At this time of year we hear lots of talk about what we should be buying. How about telling investors what they should sell or avoid?
If I think about the best ideas I have come up with over the years, the single greatest has to be my literal pounding on the table for investors to sell stocks just before the market crumbled during the fiscal crisis of 2008.
The funny thing is I have had so many more great buying recommendations, and yet it is the sell recommendation that I remember the most.
In that spirit then I can think of one asset class I would avoid entirely in 2014:
We hear so much about bubbles and all that sort of nonsense after a strong market rally and the eclipsing of important numeric barriers like Dow 16,000 or Nasdaq 4,000 but we never hear little about the skyrocketing valuations in dividend stocks.
In 2013 many dividend stocks caught a bid and kept right on soaring throughout the year.
That makes sense given the historically low interest rate environment. In addition many dividend stocks were considered safe havens for many investors that were concerned about an economic collapse or possibly worse.
The truth is the economy is in fine shape. As the year closes out, we are getting revised economic data that shows economic growth to be even better than originally thought.
The Federal Reserve is taking action to remove monetary stimulus by reducing its bond-buying program. Most believe interest rates in 2014 will be going up.
Put it all together and dividend stocks are likely to be the single worst asset class for 2014. I can think of 3 stock names in particular that I would avoid. Keep these clunkers out of your portfolio.
The mustard is already coming off this hot dog. Shares of AT&T (T) have collapsed after peaking at a price of $39 per share this past spring. Along the way down, however, the stock found a bid from investors attracted to the 5% dividend. Don’t be one of those investors. Analysts expect the company to grow profits by 8% in 2014. At current prices, shares trade for 13 times 2014 estimated earnings.
I don’t think it’s ever a good idea to pay a double-digit multiple of earnings when a company is growing profits at a single-digit clip. It is hard to see where the catalyst for future growth will be for AT&T. The smartphone phenomenon has essentially run its course.
AT&T will be lucky in my opinion to grow profits by 8% next year. I would definitely avoid this stock in 2014.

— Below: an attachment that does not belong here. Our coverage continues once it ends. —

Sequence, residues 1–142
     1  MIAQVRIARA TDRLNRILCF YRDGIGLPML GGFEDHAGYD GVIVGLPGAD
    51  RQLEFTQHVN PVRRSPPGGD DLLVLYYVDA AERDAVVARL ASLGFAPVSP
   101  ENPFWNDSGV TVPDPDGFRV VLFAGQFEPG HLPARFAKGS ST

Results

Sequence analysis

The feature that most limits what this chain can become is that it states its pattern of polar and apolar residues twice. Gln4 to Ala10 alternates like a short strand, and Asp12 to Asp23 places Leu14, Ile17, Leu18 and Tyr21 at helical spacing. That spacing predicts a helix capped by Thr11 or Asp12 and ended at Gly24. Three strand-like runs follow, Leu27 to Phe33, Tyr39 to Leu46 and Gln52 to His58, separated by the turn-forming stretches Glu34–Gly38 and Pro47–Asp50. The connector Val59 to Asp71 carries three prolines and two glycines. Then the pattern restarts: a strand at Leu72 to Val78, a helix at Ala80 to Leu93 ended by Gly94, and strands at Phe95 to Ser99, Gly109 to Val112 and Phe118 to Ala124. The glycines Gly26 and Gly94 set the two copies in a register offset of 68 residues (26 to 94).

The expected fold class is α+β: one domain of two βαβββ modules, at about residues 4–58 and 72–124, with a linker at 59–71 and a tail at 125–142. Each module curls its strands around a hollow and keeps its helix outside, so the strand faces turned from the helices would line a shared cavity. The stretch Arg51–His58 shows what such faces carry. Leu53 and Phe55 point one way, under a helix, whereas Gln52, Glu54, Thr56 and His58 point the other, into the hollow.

For some reason, certain companies can attract buyers no matter the circumstance. I would put Symantec (SYMC) in that category. Shares have gained nearly 20% this year even as Symantec’s prospects deteriorated.
The demise of the personal computer is the major problem for the company. Smart phones and tablets simply do not have the same security concerns, thus the revenue opportunities are going to be lower going forward. Analysts are being generous with an expectation of 7% profit growth in the next fiscal year ending March 2015.
At current prices, shares trade for 13 times current fiscal year estimated earnings. A near-3% dividend yield is not enough to justify the risk here. I think this stock could be the worst-performing stock of the year.
Cliff’s Natural Resources
Cliffs Natural Resources (CLF) saw a decline in share value last year. The selling will likely continue in 2014.
From an energy perspective, the death of coal may have finally arrived. It’s a dirty, nasty and disgusting fuel source. The boom in natural gas as a reliable alternative has precipitated the fall. I’d be concerned about that 2.5% dividend. That’s really the only reason to own this stock and that number does not compensate for the collapse in profits here. Analysts expect the company to earn $3.01 per share this year. Next year that number is sliced by a third to $2.01 per share. I wouldn’t pay a double-digit multiple for this profit stream. It will likely get worse before it gets better. Dividend hunters can find yield elsewhere and in 2014 there will be more options to choose from.